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Why this former Fresno State basketball standout couldn’t say no to Washington Union

Washington Union names a new boys basketball coach

Washington Union boys basketball coach Tony Petersen retired at the end of the 2018-19 season after leading the Panthers to two section titles.
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Washington Union boys basketball coach Tony Petersen retired at the end of the 2018-19 season after leading the Panthers to two section titles.

Why did Wil Hooker decide to get back into high school boys basketball coaching at Washington Union?

The former Fresno State standout is no stranger to high-profile seats after leading San Joaquin Memorial (2002-05) and Clovis (2016-17).

Friday on the Washington Union campus in Easton, he might’ve revealed a reason for taking over the Panthers’ job, ticking off the names of past Washington Union star players and coaches who helped produce four state championships (1985, ‘88, ‘96 and ‘99).

“Coach John Pestorich, Marc Jones, Jervis Cole, Tony Harris, Al Biancalana, Vonn Webb, Demetrius Porter, Chris Jefferies, DeShawn Stevenson,” he said.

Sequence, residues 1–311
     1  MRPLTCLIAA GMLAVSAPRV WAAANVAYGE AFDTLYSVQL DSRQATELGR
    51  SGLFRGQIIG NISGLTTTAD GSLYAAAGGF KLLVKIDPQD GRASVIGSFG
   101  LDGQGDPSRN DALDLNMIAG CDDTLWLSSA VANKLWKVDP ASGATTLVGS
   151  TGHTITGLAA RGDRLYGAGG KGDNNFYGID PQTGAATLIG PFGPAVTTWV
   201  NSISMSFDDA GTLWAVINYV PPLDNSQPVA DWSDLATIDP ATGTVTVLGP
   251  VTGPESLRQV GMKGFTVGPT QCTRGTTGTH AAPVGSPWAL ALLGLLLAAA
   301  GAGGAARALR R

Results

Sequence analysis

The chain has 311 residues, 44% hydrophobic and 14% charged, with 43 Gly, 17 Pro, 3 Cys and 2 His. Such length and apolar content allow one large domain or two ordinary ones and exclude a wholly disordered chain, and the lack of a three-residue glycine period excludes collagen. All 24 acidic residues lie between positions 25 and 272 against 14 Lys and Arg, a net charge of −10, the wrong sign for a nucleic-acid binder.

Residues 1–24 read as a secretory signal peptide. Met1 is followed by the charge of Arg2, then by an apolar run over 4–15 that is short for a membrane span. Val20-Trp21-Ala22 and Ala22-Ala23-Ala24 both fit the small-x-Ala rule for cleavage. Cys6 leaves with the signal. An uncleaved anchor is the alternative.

Hooker is hoping to continue the success replacing Tony Petersen, who retired this year after a 14-year run including three Central Section championships.

“Would like to get back to some of their winning ways,” Hooker said. “I was around when they were winning state championships.”

That he was, playing four seasons at Fresno State (1988-92) and ranking as the Bulldogs’ No. 3 career scoring leader. His coaching resume includes time assisting Jerry Tarkanian at Fresno State plus stints as an assistant at Cal Poly and Fresno Pacific.

Hooker’s overall high school record is 103-82 including three leagues title and one section title at Memorial, according to section historian Bob Barnett.

Washington last won a section title in 2014 under Petersen, who closes out his career at 393-302 including a stop at Buchanan from 1993-2002.

“Coach Hooker brings a wealth of knowledge and experience to our program,” Washington athletic director Jeff Freitas said.

Hooker spent the past two seasons as an assistant at San Joaquin Memorial, helping the Panthers to back-to-back section titles.

He said it was a good experience for him and is looking forward to opening a new chapter at Washington.

He described himself as “a guy who is going to give 110 percent to this program, school and community. I really have a deep love for young people and helping develop young people. That’s my goal here. With everyone we come in touch with, we want them to have a good experience in our program, and at the same time, help them grow and develop them into great people.”

Anthony Galaviz writes about sports for The Fresno Bee. He covers the Oakland Raiders, high schools, boxing, MMA and junior colleges. He’s been with The Bee since 1997 and attended Fresno City College before graduating from Fresno State with a major in journalism and a minor in criminology.


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